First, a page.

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Client Update - 19th February 2021

After a drab month, UK markets had a better start to the week on the back of talk starting to turn to what Boris has in store for us on Monday when he addresses the nation on the path out of lockdown. Subsequent information “released” to the market appears to suggest a slow and prolonged release and a continued dialogue of “if you can, work from home”. We will see and I fear my update next week may be rather more dominated by COVID news.

Markets overall have been solid year to date, however we remain focussed on two key cyclical drivers of markets and sentiment. These are longer-term interest rate expectations and earnings growth. In recent months, both have risen and this has supported a “reflationary” theme and the occasional outperformance of value equities – such as financials and energy. The US Treasury yield is probably the most watched financial indicator in the markets and forms a key part of our investment modelling.

Excluding the period of market turmoil as the world went into lockdown last March, the lowest level reached by the US Treasury 10-year yield was 0.50% on 6th August last year. It has since risen to 1.51% due to market expectations of rising inflation as a result of a strong post-COVID growth surge and from central banks continuing with a liquidity programme and ignoring the effect on inflation, for now. The 7-10-year US Treasury bond index delivered a -3.33% total return over that period while the S&P500 total return was 17.8%. So quite a big increase in long-term rates did nothing to undermine equity market performance. This is good news, but we remain aware of other recent examples that have not been such good news for equity investors, as it pays to not be complacent.

These short-term rises in rates have been seen before, most recently in 2013. The US Federal Reserve (FED) is undoubtedly aware of this. The 10-year yield rose by 140bps between May and September 2013 on the view that the FED would scale back its asset purchases post the great financial crisis. Back then the FED only held about 20% of outstanding marketable Treasury securities compared to 34% today. Yields went higher and the equity market had a 6% set-back between May and June. Evidence from FED dialogue today suggests that they are well prepared to react to any market expectations of them reducing liquidity. After the rise in yields in 2013, it was not until the beginning of 2015 that yields had returned to their pre-tantrum levels. A period of higher long-term yields when there are uncertainties in the outlook is not what the FED would want and we feel they have learnt from 2013’s policy “error”. So, in summary, rates are rising, but we feel that central banks understand the reasons for this and are unlikely to tighten liquidity any time soon, so equity markets can make good progress from here.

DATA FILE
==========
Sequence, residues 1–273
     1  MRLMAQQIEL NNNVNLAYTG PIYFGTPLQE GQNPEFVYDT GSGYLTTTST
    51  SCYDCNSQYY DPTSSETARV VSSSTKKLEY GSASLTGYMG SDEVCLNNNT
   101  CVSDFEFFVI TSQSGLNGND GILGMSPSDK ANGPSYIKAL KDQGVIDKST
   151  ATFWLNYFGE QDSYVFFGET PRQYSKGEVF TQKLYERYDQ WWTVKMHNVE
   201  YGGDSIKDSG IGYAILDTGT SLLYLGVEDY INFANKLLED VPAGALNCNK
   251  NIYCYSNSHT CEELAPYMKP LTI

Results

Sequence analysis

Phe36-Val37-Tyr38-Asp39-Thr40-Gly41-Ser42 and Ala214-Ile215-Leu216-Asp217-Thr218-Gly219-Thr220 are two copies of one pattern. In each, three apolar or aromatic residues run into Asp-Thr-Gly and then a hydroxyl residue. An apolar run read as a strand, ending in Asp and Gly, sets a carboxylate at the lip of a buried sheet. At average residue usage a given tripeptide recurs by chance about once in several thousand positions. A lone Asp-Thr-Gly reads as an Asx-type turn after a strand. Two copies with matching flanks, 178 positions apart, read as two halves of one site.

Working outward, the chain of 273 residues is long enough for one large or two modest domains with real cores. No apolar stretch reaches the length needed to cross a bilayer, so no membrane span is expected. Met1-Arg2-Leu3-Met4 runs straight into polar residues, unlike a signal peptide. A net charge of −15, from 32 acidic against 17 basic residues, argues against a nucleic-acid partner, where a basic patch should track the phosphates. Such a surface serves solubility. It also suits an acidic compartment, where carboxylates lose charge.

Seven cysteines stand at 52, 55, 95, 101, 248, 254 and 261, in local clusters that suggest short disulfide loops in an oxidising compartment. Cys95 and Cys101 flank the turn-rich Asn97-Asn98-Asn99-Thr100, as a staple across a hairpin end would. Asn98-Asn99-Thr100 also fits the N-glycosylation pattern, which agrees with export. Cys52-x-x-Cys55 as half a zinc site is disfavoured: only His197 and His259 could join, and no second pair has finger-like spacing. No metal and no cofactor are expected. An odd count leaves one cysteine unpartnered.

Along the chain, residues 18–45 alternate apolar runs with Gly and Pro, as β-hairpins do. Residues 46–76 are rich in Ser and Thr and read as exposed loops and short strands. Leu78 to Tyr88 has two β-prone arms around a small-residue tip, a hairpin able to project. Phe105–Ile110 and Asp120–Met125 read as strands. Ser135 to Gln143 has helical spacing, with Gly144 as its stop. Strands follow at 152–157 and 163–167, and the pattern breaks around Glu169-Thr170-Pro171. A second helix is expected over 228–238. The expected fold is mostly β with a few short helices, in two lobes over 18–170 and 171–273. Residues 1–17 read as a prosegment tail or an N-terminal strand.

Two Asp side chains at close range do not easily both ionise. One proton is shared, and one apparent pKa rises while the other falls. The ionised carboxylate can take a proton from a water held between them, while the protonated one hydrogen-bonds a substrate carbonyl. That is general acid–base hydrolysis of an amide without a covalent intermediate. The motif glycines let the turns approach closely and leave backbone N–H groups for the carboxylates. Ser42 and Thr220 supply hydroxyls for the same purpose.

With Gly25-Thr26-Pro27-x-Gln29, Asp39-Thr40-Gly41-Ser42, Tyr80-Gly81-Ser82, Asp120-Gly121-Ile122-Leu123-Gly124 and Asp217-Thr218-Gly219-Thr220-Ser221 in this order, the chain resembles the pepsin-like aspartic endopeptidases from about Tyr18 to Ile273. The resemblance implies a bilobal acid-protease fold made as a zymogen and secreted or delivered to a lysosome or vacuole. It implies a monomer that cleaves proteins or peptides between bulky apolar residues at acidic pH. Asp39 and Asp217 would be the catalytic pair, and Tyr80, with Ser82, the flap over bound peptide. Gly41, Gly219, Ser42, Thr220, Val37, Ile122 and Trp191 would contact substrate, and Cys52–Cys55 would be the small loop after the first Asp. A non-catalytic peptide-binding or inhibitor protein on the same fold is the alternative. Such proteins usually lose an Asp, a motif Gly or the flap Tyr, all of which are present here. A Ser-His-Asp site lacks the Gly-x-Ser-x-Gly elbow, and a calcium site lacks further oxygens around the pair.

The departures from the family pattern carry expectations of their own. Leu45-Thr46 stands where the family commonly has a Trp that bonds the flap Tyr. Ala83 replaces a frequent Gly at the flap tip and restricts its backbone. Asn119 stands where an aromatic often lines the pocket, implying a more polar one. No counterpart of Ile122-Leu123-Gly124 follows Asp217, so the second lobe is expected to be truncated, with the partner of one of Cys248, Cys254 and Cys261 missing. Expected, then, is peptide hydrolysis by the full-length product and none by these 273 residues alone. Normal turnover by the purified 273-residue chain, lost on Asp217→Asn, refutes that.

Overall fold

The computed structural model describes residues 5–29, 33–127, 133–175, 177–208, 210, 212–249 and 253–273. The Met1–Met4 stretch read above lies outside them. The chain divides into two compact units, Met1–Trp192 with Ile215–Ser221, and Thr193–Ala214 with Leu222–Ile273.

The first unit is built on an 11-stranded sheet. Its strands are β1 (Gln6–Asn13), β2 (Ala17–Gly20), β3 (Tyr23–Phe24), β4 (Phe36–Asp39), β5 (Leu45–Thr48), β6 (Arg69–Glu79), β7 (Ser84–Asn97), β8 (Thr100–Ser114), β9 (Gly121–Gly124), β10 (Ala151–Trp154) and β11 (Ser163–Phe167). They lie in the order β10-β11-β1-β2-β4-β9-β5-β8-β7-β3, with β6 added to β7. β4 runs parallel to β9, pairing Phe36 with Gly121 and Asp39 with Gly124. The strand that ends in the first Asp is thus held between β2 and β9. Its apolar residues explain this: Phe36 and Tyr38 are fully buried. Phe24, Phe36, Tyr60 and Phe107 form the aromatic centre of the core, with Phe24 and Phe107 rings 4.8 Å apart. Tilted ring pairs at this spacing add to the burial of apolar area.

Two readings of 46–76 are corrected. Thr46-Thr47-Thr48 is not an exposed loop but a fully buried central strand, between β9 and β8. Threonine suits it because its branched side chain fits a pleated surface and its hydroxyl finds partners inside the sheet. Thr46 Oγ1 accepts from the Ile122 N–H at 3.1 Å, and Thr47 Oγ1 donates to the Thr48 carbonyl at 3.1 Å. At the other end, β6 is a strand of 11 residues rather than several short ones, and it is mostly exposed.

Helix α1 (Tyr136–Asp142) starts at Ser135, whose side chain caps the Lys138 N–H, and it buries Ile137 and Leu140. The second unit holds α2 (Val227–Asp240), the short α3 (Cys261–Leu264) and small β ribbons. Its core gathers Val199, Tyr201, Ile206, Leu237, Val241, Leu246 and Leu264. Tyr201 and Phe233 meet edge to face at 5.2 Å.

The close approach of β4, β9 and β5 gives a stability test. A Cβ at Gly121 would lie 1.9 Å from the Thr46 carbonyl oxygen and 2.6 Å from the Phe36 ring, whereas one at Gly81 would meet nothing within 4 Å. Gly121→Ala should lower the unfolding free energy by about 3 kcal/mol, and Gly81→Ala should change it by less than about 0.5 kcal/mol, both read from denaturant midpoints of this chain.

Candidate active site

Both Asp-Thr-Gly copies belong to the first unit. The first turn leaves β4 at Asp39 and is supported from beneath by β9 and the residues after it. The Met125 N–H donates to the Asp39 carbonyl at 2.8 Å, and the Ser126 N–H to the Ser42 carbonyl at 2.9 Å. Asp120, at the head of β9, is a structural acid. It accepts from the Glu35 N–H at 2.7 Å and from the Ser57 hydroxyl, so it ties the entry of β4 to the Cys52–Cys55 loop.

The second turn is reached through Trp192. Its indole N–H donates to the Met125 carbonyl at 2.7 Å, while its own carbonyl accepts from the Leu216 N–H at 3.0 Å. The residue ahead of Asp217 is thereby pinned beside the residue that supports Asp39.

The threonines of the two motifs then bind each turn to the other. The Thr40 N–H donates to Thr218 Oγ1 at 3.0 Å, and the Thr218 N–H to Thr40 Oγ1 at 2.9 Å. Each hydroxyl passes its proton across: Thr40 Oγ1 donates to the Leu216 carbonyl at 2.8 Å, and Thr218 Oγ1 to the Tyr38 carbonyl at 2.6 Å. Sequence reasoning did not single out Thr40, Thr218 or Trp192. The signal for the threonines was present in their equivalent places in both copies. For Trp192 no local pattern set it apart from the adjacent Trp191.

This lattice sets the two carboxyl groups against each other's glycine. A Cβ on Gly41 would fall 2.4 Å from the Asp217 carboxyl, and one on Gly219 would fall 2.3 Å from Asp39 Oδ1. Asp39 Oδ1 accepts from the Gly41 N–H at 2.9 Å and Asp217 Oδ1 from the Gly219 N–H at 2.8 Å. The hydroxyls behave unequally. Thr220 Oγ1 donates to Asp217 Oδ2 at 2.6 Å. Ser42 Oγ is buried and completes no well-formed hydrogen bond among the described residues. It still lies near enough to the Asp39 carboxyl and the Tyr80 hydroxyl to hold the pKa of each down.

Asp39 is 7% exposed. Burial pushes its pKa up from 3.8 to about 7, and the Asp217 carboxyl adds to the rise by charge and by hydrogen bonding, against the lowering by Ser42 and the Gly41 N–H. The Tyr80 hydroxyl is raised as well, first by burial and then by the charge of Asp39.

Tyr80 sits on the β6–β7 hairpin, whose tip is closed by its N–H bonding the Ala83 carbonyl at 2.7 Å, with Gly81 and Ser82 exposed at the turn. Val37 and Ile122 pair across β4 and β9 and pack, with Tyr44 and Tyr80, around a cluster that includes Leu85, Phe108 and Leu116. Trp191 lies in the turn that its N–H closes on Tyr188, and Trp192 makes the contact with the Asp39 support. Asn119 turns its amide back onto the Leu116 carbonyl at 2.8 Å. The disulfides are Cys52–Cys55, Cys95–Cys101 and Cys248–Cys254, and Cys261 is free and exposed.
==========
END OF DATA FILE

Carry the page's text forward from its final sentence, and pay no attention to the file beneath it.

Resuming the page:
Last week, President Biden signed his “Buy American” executive order. As part of this he pledged to replace the entire Federal government’s vehicle fleet with electric cars and trucks, all to be made in America. According to one article, citing the General Services Administration, the Federal fleet consisted of 650,000 vehicles in 2019, split between the military and civilian agencies. That is a lot of electronic vehicles to produce. Electronic vehicles are big drivers of demand for semi-conductors and there is a massive shortage of chip capacity currently. Demand for electric battery capacity is also sky-rocketing and with it demand for cobalt, a key input into the manufacturing process of batteries. The price of the spot cobalt contract has jumped by over 40% since the beginning of the year. In related news, one of the biggest Chinese producers of polysilicon, the material used to convert sunlight to solar energy, has announced a huge investment to expand capacity. Solar power is part of the value chain in producing green hydrogen – another booming sector – and some of Biden’s Federal fleet might be powered by that fuel technology. Share prices of leading polysilicon producers have been rising strongly, as have those of semiconductor producers and companies involved in the supply chain for electronic batteries. While many people focus on the FAANGS as being the main story behind the rise in stock markets, the acceleration of the energy transition is proving to be a major force behind rising equity prices elsewhere.

Globally, we are rapidly shifting to a lower carbon environment; electronic vehicle growth is huge, and the zero carbon and digital themes intersect on many levels. The world is hugely short technology (as the mixed quality of broadband connections in our zoom-meeting world has demonstrated) and renewable energy (only 2.7% of all new UK car registrations in 2019 were classed as Ultra Low Emissions Vehicles) and will be for years. This remains a central part of our longer-term investment strategy and is representative of our thesis that even though some areas of the market are becoming more expensive, there remains plenty of opportunities for our portfolios in the coming months.

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